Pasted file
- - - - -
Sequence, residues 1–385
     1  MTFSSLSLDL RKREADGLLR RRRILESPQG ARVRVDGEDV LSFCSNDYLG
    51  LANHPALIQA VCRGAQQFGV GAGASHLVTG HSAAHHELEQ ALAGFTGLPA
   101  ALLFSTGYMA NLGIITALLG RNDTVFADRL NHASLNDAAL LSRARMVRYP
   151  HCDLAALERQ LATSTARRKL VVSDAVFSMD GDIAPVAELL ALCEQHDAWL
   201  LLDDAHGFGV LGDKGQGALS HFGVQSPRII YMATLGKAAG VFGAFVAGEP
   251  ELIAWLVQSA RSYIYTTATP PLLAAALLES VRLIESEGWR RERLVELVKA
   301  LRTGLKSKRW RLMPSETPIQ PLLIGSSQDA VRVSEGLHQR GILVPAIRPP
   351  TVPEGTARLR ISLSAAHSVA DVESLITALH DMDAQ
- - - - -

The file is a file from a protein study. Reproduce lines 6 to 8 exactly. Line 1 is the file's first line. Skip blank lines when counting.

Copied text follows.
   201  LLDDAHGFGV LGDKGQGALS HFGVQSPRII YMATLGKAAG VFGAFVAGEP
   251  ELIAWLVQSA RSYIYTTATP PLLAAALLES VRLIESEGWR RERLVELVKA
   301  LRTGLKSKRW RLMPSETPIQ PLLIGSSQDA VRVSEGLHQR GILVPAIRPP